I don't see how it doesn't. The Joker is a nihilistic madman who treats life as a black joke. TKJ supplies a motivation for the persona he displays in the Batman comics by explaining the reason for the character's nihilism and contempt for order. It explains the Joker of the various animated series and comics and makes his behavior have sense. The animated Joker would work no differently if his origin was that of TKJ (Though it might help explain his attachment to Harley). Moore applied the origin to an already established character. The character works with or without it, but with it he have a fuller sense of why he acts the way he does.

    Joker has also been a psychopathic killer in the animated series, and that surely worked. And in TKJ he doesn't even kill anyone.

    But not entirely so, since the Joker is a murderous creep even pre-acid bath. Morally he doesn't have far to fall.

    I wouldn't say so--these characters are flexible. The Batman of 1958 is after all a far cry from that of today.
     
  14. Aldrius

    Aldrius Arrogant Instigator

    Joined:
    Jun 23, 2006
    Messages:
    3,875
    Likes Received:
    0
    When? The only time he ever kills anyone is when it suits his fancy or when somebody's in his way or when he seeks something to gain from killing somebody. It's not random acts of violence to prove a point or because he's a sociopath.

    But it's not a moral transformation. It's a transformation of social standing. He goes from mute henchman to the second most dangerous guy in town. It's not about giving the Joker's life meaning or excusing his actions. Besides, his goal in the DCAU was never to show that one bad day can lead to Madness, his mission was always to kill Batman in the most humiliating way possible and bring excitement into people's lives.

    Indeed. Though I'd at least say that the Joker of the Animated Series is very different than the one presented in recent comics and in the Killing Joke.
     
  15. jph139

    jph139 Immortal

    Joined:
    Mar 24, 2007
    Messages:
    5,532
    Likes Received:
    0
    Alright, with The Dark Knight hype, movies everywhere, specials, all that... Batman and the Joker have been bouncing around in my head. Other than The Long Halloween (fantastic story by the way), I've never read a single Batman comic book or graphic novel, and as such, I probably shouldn't be posting here. I apologize in advance - but I do want to talk about what defines the Joker as a whole. Plus, I want to put this somewhere before it seeps out of me head.

    But first I want to give a quick rundown of what I think defines Batman - not Bruce Wayne, mind you. And I just saw Batman Begins for the first time yesterday, so there's a lot of influence. :p

    Batman is, as a whole, pure good. Yang, a symbol of justice. And he's motivated by justice - he has no motive other than to punish evil and defend good. That's fairly obvious, but I need to emphasize that Batman is PURE GOOD. Not a complex hero, not a Punisher or a Wolverine. Bruce Wayne can be complex, of course, but Batman is more than that. He's a hero.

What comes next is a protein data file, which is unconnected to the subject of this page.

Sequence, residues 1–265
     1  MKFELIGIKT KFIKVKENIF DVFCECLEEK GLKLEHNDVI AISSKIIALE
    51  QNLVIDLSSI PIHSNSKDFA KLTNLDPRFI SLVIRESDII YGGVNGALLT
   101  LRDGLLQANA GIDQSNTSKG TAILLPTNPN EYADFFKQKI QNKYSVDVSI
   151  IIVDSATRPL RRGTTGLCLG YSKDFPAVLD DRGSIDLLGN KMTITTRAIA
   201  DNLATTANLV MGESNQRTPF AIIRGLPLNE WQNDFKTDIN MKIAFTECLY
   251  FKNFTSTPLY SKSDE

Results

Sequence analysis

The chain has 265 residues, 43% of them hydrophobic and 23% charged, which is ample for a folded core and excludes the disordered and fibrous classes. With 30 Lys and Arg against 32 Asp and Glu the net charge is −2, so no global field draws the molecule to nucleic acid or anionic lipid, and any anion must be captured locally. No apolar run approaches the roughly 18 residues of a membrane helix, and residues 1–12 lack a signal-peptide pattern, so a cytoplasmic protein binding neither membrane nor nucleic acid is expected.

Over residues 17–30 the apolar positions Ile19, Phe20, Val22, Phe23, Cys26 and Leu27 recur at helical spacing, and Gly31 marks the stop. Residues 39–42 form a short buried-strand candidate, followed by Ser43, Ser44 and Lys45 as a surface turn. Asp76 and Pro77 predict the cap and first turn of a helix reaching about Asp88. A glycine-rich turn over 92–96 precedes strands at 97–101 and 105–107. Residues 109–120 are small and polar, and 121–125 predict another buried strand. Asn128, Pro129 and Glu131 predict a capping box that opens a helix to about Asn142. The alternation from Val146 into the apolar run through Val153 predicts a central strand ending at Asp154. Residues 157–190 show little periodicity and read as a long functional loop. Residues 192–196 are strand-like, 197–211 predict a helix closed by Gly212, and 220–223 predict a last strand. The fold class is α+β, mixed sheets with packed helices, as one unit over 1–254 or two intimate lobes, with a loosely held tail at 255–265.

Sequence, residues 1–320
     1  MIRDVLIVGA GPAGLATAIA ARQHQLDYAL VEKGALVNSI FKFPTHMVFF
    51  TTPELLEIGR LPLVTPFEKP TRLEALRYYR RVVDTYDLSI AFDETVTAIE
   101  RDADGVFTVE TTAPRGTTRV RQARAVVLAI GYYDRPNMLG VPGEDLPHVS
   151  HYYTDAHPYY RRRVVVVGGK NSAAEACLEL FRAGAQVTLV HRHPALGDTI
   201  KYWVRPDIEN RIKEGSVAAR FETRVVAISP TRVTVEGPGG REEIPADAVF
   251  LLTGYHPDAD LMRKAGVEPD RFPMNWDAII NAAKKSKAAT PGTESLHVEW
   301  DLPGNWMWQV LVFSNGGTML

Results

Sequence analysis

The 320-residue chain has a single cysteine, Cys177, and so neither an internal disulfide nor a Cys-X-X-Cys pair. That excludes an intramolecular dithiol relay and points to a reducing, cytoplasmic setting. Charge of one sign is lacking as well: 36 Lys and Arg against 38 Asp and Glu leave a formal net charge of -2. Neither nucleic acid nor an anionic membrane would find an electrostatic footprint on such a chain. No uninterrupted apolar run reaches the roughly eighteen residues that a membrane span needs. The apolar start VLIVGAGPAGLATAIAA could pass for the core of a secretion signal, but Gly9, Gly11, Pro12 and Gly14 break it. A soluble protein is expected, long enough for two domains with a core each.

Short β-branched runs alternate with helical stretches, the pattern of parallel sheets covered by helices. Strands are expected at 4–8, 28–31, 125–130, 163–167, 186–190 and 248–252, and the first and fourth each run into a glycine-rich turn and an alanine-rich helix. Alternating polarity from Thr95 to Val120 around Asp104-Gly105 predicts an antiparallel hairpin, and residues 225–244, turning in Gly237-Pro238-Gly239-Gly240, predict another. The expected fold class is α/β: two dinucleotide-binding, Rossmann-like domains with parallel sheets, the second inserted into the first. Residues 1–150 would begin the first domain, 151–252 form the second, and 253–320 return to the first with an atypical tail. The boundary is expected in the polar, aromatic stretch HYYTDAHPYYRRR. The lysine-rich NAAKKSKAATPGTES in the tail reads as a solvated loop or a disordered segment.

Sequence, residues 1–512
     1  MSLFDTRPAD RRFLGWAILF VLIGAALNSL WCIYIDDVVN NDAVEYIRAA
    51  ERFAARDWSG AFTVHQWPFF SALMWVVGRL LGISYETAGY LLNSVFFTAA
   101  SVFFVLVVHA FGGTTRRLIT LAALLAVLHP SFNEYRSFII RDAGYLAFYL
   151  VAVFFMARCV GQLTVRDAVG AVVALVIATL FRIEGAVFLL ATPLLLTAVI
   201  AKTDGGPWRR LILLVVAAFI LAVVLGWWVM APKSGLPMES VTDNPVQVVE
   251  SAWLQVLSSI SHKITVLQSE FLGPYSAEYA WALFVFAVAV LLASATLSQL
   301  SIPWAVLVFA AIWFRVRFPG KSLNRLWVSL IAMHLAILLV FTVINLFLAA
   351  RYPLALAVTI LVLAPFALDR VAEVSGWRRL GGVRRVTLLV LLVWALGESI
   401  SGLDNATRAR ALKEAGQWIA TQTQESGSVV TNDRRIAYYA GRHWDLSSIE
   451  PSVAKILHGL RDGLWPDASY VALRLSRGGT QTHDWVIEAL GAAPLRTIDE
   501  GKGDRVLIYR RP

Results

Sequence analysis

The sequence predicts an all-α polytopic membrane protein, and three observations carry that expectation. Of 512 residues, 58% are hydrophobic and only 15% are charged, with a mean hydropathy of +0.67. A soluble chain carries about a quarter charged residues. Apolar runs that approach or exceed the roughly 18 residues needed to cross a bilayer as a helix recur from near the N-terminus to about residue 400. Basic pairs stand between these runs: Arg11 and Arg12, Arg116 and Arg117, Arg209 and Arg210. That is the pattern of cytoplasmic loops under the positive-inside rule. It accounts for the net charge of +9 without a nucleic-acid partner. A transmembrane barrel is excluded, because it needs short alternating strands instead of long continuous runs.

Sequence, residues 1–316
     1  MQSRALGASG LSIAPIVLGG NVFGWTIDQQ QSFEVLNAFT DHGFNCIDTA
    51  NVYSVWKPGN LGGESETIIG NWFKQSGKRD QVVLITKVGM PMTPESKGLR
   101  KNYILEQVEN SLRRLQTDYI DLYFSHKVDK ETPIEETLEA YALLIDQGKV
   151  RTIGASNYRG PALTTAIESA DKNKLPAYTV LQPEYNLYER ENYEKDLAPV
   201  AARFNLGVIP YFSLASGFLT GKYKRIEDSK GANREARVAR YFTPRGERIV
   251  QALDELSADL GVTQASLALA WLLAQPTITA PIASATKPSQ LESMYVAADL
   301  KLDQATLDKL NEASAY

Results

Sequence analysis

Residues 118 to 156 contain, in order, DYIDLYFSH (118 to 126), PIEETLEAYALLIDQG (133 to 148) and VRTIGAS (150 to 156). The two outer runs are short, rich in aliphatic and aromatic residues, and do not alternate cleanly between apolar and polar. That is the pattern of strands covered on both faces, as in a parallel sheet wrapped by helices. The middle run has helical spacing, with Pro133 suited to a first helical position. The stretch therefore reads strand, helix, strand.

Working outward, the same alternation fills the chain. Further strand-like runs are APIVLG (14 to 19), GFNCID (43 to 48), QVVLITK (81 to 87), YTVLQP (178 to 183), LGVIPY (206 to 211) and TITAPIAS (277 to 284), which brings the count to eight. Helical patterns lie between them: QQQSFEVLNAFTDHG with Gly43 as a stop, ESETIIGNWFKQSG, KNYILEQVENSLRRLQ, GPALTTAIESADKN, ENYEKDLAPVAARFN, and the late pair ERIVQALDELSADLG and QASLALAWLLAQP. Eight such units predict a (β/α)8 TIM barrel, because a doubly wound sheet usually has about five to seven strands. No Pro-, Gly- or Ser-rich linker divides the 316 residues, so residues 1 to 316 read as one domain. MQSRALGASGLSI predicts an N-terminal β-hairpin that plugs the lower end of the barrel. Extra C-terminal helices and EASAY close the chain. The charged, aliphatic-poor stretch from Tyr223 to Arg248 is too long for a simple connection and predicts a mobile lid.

Another thing to note is that Batman is also an ICON. He is a symbol of good surrounded by bad. And he LOOKS bad. He's a bat, he attacks from the darkness, he's dark and forboding. With no prior knowlage of him, you'd think he's the bad guy... which, of course, leads us to the Joker.

    The Joker, on the other hand, is not evil looking at all. He's a clown, he stays in the light, he's all smiles, wearing a clean, colorful suit. But the Joker is also an icon; the exact opposite of Batman.

    He's evil - pure, nihilistic evil. Yin without a balance. He does what he does only for himself, regardless of who he hurts in the process. If he wants to kill someone, he'll kill someone. If he wants to help someone, he'll help someone - but usually, he'll kill them. And he does it however he wants. With poison, with dart guns, with a knife, with a cannon... whatever suits his needs.

    So, they form a mirror. One selfish, one selfless. One protector, one destroyer. One frightening, one amusing. One good, one bad... they fit together like, well, like yin and yang. Batman can't die, or at least, what Batman STANDS FOR can't die. And the Joker can't die either, both literally and figuratively. Chaos will always exist, so on, so forth. But I like to think of the Joker as Batman's one true enemy, and vice-versa. Batman can't die because the Joker doesn't want to kill him - he'd have no foil otherwise - and the Joker can't die because Batman WON'T kill him - just like he won't kill any other villain.

    As one more note, Batman is tethered to Bruce Wayne. But they're two seperate entities - sometimes he's wearing a mask, sometimes he's not. However, the Joker is, again, the opposite of this. There IS no Bruce Wayne to tie him down. The mask IS his face. Again, they compliment eachother.